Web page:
Jennifer Sample loved living in the West Village — so much that when Covid-19 hit and homeschooling forced her to move out of the commercial loft she was sharing with her two children — Kate, 11, and Owen, 9 — and a 125-pound German shepherd named Sarge, she settled on a more traditional rental on the same street.
But after more than a decade in the neighborhood, she was starting to feel less and less at home. “We didn’t really know anyone anymore,” said Ms. Sample, 52, a single mother who runs a medical engineering company. Her son has autism, and she felt the shift in the area most acutely in the way strangers reacted to him.
“Once in a great while, Owen will have a meltdown. Instead of people calling the police on me, people used to come and help,” she said. “We’ve had a couple meltdowns in recent months, and the only people who have helped us are the Amazon delivery guys and the guys from UPS.”
At the height of the pandemic, both children were doing remote learning as part of a small pandemic pod, which contributed to Ms. Sample’s desire to stay local. But shortly after moving into their new rental, a two-bedroom that cost $10,650 a month, they were overwhelmed by a mouse infestation.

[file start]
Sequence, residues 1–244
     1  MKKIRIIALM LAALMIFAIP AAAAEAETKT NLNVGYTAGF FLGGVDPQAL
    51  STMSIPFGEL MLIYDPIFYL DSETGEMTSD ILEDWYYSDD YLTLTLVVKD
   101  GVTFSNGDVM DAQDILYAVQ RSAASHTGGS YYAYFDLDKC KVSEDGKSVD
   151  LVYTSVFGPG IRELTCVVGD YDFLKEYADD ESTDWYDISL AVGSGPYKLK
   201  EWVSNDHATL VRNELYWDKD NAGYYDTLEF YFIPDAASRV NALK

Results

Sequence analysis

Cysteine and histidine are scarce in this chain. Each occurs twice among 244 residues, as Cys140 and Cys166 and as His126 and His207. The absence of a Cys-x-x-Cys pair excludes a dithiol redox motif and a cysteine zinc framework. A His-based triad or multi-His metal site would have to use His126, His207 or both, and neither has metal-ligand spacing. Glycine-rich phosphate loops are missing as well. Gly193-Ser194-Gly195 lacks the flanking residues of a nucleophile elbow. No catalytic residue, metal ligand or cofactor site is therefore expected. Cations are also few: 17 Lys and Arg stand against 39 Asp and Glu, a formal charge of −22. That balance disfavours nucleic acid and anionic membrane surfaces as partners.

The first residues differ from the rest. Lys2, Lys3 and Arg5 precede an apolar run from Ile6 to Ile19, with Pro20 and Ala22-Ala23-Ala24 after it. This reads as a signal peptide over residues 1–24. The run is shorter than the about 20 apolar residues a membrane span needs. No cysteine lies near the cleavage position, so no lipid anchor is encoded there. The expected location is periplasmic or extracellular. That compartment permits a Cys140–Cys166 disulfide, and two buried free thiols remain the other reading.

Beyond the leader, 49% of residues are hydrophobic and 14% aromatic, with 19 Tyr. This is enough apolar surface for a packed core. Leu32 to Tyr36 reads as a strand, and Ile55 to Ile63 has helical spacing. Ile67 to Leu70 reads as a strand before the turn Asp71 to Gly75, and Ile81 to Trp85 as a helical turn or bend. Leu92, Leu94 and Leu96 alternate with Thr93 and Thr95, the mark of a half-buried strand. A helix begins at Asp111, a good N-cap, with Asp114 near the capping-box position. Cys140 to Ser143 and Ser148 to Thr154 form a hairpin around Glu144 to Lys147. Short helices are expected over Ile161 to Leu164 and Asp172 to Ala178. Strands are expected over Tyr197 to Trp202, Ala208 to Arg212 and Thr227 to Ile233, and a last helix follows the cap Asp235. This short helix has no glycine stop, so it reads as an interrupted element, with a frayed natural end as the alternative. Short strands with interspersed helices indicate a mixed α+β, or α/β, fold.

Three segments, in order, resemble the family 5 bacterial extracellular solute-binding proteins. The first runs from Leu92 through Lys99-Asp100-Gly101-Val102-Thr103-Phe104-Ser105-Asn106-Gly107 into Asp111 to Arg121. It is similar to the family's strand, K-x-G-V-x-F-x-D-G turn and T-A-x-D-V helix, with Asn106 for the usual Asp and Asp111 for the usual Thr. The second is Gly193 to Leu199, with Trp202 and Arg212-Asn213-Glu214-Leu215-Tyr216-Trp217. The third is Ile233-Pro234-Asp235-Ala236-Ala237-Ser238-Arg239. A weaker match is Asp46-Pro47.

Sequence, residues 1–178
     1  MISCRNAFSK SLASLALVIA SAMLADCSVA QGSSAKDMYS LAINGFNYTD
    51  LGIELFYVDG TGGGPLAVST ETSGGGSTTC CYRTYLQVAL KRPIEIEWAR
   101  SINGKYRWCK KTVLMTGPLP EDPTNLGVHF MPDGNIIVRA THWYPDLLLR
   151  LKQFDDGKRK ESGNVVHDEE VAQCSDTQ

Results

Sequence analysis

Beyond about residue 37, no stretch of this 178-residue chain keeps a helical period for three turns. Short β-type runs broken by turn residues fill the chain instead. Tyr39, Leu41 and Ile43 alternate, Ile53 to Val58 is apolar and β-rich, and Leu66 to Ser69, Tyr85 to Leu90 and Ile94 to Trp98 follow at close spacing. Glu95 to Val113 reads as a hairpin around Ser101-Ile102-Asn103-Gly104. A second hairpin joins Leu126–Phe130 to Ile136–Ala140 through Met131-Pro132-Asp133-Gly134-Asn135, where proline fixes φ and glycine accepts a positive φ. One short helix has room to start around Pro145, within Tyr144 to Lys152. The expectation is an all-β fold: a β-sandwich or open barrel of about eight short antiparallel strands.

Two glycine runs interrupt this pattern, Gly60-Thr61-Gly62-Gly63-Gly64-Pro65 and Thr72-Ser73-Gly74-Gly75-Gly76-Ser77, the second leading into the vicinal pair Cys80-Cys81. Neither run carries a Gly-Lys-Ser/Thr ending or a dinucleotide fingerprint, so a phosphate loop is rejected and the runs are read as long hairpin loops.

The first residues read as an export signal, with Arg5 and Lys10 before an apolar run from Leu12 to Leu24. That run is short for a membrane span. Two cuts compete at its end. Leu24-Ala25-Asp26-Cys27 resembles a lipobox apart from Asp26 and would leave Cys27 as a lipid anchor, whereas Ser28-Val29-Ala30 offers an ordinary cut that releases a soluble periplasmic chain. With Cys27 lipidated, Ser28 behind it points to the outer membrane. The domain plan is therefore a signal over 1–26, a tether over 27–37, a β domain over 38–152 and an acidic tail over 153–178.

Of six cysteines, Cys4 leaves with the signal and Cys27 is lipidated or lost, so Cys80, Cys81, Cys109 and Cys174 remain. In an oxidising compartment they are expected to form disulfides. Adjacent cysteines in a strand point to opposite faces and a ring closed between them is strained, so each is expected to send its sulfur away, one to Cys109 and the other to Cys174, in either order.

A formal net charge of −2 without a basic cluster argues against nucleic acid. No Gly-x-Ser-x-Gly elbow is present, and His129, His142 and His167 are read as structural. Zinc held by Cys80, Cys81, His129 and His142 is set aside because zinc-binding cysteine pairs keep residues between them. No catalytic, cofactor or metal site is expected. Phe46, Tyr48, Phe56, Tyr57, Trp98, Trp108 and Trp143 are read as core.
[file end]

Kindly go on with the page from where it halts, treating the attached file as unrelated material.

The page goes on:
“I’m not talking 15 to 20 mice,” she said. “I’m talking 250 mice.”
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By March 2022, she was intent on finding a better environment for everyone. With a budget of up to $1.5 million, she hoped for some outdoor space for gardening. And with two growing children, a huge dog and now two cats — recruited to help with the mice — she needed more space to house the entire clan.
But not too much. “I didn’t want that much extra space to clean, with all these animals,” she said. Owen often sleeps in bed with her anyway, so two bedrooms felt like enough.
But her biggest wish was less tangible: a sense of community.
“She was always talking about this old New York where you have friendly neighbors and you know people on the street,” said her broker, Steve Gold, who stars on Bravo TV’s “Million Dollar Listing” and represented Ms. Sample through the Corcoran Group. “She wasn’t feeling that anymore.”
Owen attends a private school for children on the autism spectrum in Harlem, so in addition to some possibilities in Lower Manhattan, Mr. Gold suggested that Ms. Sample consider Harlem as a place not just to learn, but to live.
Among her options:
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